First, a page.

Spring lamb is a treat, albeit an expensive one, and in my home it is the centrepiece of Easter Sunday lunch. If it is spring lamb with its mild, sweet flavour that you want, make sure to stress the word 'spring' to your butcher.

Ingredients

Give plenty of notice with your order out of consideration to your butcher and you will be rewarded for your forward thinking. These lambs are born before or around Christmas, mainly milk fed with a little clover pasture to boot, and are ready for the Easter table.

In my opinion it needs nothing added to its thin skin other than salt and pepper to make it into one of the most memorable meals of the year. The spices and stronger herbs associated with lamb are more appropriate with the stronger-tasting meat later in the year.

The most traditional and still one of the best accompaniments for the meat is a classic thin mint sauce, but here I am suggesting a light mint-flavoured hollandaise sauce, which enhances rather than overpowers the flavour of the meat.

  • 1 x 2.7kg leg of spring lamb
  • sea salt and freshly ground black pepper
  • 500ml chicken stock
  • 20g butter

Mint Hollandaise Sauce

This classic sauce still has its place in my kitchen. All you need are good eggs and butter and a little lemon juice to sharpen and you have one of the most useful and delicious of sauces for serving with fish, fine vegetables such as asparagus and sea kale and in this case with mild spring lamb.

I always chop the mint just before adding it to the sauce at the last minute. If you chop the mint ahead of time and allow it to sit at room temperature or in the fridge, it will oxidise and become bitter.

Serves 6–8

  • 2 egg yolks
  • 1 tablespoon water
  • 100g butter, cut into 1cm dice
  • 2 teaspoons
  • lemon juice
  • 1–2 tablespoons finely chopped fresh mint leaves (chop just before adding to the sauce

Method

  1. Preheat the oven to 180°C.
  2. Put the lamb in a roasting tin and season with salt and pepper. Place in the oven and roast for 1 hour 10 minutes for pink, 1 hour 20 minutes for medium or 1 hour 30 minutes for well done. Baste the meat with the small amount of fat and cooking juices that gather on the bottom of the roasting tin several times during the cooking.
  3. Remove the lamb from the oven and reduce the temperature to 100°C. Return the lamb to the warm oven on a platter to rest for at least 15 minutes.
  4. While the lamb is resting, make the gravy. Degrease the roasting tray by pouring the liquid into a Pyrex jug, then place the jug in the freezer. Some of the meat juices will be mixed with fat, and as it sits and chills, the fat will rise to the surface and the dark-coloured juices will be visible at the bottom. The fat can be removed and discarded and these juices can be added to the gravy later.
  5. Place the roasting tin on a low heat and pour in the chicken stock to deglaze the tin. Whisk vigorously to encourage the caramelised meat juices on the bottom of the roasting tin to dissolve into the stock. Add a pinch of salt and pepper and bring up to a simmer.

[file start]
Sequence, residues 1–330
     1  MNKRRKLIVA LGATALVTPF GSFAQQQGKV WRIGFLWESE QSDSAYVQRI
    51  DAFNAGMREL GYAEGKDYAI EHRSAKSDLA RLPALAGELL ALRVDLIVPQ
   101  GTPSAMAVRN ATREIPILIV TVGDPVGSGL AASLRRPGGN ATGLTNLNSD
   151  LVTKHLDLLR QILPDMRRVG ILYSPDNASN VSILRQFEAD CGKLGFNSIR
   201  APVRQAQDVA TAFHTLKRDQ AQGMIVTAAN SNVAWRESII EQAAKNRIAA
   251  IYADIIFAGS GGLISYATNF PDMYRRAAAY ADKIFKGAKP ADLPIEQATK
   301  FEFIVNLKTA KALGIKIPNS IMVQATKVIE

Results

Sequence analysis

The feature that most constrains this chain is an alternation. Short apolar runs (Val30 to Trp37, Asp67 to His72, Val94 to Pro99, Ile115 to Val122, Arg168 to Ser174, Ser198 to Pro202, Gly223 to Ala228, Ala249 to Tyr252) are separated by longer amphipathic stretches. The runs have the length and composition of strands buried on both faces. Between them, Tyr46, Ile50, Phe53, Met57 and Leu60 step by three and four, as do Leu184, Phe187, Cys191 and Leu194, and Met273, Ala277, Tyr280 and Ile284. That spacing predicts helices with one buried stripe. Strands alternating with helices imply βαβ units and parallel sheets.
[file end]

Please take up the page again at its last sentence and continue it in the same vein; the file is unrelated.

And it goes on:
6. Strain the gravy through a sieve into a small saucepan and bring back to a simmer. Lift the fat off the chilled meat juices and add the juices to the gravy. Taste to check the flavour. If it tastes a little light, allow it to continue simmering for a few minutes longer so that it reduces and concentrates the flavour. You will have less gravy, but more flavour.
  7. Taste again and if you are happy with it now, add the butter and gently whisk it into the sauce at a simmer. As soon as the butter has all been incorporated, remove the gravy from the heat for reheating when needed.
  8. Serve the lamb on a hot platter with the bubbling hot gravy, spring vegetables and boiled new potatoes and pass the mint hollandaise sauce separately.

Mint Hollandaise Sauce

  1. Put the egg yolks and water in a small low-sided heavy-bottomed saucepan and whisk well. Put on a low heat and add the butter three or four cubes at a time. Whisk continuously and the butter will gradually melt and emulsify into the egg yolks and start forming a sauce.
  2. Continue whisking and adding the butter when the previous additions have melted in. Your only enemy here is too much heat, so keep the heat gentle and if necessary slip the saucepan off the heat occasionally if you think it is getting too hot. Too much heat will scramble the eggs. The side of the saucepan should never at any stage of the cooking be too hot for you to touch it quickly with your bare fingers.
  3. If the sauce shows signs of scrambling, add 1 dessertspoon of cold water and keep whisking. When all the butter has been added, remove the pan from the heat and whisk in the lemon juice.
  4. Decant the sauce into a sauceboat and place it in a saucepan of warm tap water, not on the heat. The sauce, which is served warm rather than hot, will keep perfectly for 1 hour.

If you find it has cooled too much on you, replace the water in the saucepan with hand-hot water and stir 1 dessertspoon of warm water into the sauce.

Just before you are ready to serve, stir the mint into the hollandaise sauce.